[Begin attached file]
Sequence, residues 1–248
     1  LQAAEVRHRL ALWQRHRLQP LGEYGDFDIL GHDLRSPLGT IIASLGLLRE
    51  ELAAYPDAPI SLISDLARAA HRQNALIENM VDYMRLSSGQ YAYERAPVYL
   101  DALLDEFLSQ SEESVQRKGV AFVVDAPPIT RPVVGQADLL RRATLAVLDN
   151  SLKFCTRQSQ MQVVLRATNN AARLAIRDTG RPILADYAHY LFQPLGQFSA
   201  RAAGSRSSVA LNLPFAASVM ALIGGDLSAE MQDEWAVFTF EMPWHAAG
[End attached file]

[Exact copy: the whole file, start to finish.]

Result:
Sequence, residues 1–248
     1  LQAAEVRHRL ALWQRHRLQP LGEYGDFDIL GHDLRSPLGT IIASLGLLRE
    51  ELAAYPDAPI SLISDLARAA HRQNALIENM VDYMRLSSGQ YAYERAPVYL
   101  DALLDEFLSQ SEESVQRKGV AFVVDAPPIT RPVVGQADLL RRATLAVLDN
   151  SLKFCTRQSQ MQVVLRATNN AARLAIRDTG RPILADYAHY LFQPLGQFSA
   201  RAAGSRSSVA LNLPFAASVM ALIGGDLSAE MQDEWAVFTF EMPWHAAG